Lettuce Eat: A better way to do fast food

RIT packaging student takes first place in national design challenge




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Katherine Bukys’ apple-themed package, “Lettuce Eat: A better way to do fast food,” won top honors at the Paperboard Packaging Alliance Student Design Challenge during the annual Pack Expo and Conference in Chicago. The graduate of RIT’s packaging science program was recognized for her sustainable and easy-to-use packaging for a quick-serve chain kids’ meal.

Katherine Bukys designed a happier meal.

Her apple-themed package, “Lettuce Eat: A better way to do fast food,” won top honors at the Paperboard Packaging Alliance Student Design Challenge during the annual Pack Expo and Conference in Chicago. The graduate of Rochester Institute of Technology’s packaging science program was recognized for her sustainable and easy-to-use packaging for a quick-serve chain kids’ meal.

This year more than 200 students competed from 13 leading packaging and graphic design programs. They are required to not only develop the package design but detail the production process—use of sustainable materials and how the package would be produced, shipped and assembled—and produce a marketing plan.

Bukys’ design focused on these elements and has three components including an entrée and side tray held together by an outer sleeve. A beverage cup and side dish nestle in the package.

“It can be assembled quickly, it keeps everything in one place, even the drink, so that a parent doesn't have to worry about juggling bags and taking the time to figure out which parts of the meal go to which child,” says Bukys. Her winning entry has moving parts and activities to keep the child entertained. The child “peels” or “slices” different sections to get at the food inside.

Winners receive a cash prize to share among the team and one of equal value for the school. First place receives $2,000, second place receives $1,500, and third place receives $1,000. Winners are chosen by a team of four paperboard packaging industry professionals who rate submissions based on their response to the competition scenario, innovative structural and graphic design, functionality and quality of the finished product.

“The judges we talked to said her design was unique from a sustainability standpoint. For the first-place finish, that was the deciding factor. Her design addressed it so much more than any of the others,” says Bill Wynkoop, lecturer in the packaging program and mentor to Bukys. “Katherine has been in the competition for the past two years as part of a team, and this year, her third competition, took this on solo. Her determination and persistence was so impressive to me.”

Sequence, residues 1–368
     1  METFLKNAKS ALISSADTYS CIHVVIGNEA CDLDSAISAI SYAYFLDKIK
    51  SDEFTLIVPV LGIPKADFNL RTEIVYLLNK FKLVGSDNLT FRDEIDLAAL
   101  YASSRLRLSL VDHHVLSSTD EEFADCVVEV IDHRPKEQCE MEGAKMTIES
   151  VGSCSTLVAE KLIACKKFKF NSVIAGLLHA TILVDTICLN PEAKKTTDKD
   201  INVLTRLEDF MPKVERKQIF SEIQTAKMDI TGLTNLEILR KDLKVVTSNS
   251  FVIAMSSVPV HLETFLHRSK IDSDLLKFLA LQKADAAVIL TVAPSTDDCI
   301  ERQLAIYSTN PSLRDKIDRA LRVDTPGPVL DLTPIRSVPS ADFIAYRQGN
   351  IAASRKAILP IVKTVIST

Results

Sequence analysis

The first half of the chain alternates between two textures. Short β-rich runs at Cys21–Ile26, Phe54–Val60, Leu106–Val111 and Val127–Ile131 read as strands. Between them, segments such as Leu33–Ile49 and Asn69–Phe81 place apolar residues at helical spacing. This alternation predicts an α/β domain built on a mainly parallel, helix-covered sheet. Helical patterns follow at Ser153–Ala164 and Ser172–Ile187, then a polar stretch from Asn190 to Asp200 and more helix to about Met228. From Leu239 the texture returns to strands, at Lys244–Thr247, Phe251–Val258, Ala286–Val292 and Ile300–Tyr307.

Bukys, who grew up in Penfield, N.Y., currently works for Astor Chocolate as a packaging engineer, designing new structures and packaging for their product development department.

“Both the classes at RIT and my co-ops have given me valuable knowledge that I have applied toward my designs today,” says Bukys. “I’ve had good learning experiences with both of my previous teams, but this time around, I got started early and decided to tackle both the structure and graphics myself. I’m very proud of how it turned out, and can’t thank Bill enough for his help throughout this project.”

Another RIT packaging student, Alexandra Hills, received first place in the Amazing Packaging Race at Pack Expo. The competition sends teams of packaging students around the exhibition floor to complete packaging and processing-related tasks in exchange for points from exhibitors. Hills teamed with Florin Mustata of Purdue University Calumet, Stephen Suba of San Jose State University and Dillon Quist of Wisconsin Indianhead Technical College.

“Students competing in this event have gone on to do really good things,” Wynkoop added. “All three of our submissions were fabulous. For Katherine, she did all the design, the photography. I’m so happy for her and proud of all the students.”

201301/katherineb.jpg

Katherine Bukys’ apple-themed package, “Lettuce Eat: A better way to do fast food,” won top honors at the Paperboard Packaging Alliance Student Design Challenge during the annual Pack Expo and Conference in Chicago. The graduate of RIT’s packaging science program was recognized for her sustainable and easy-to-use packaging for a quick-serve chain kids’ meal.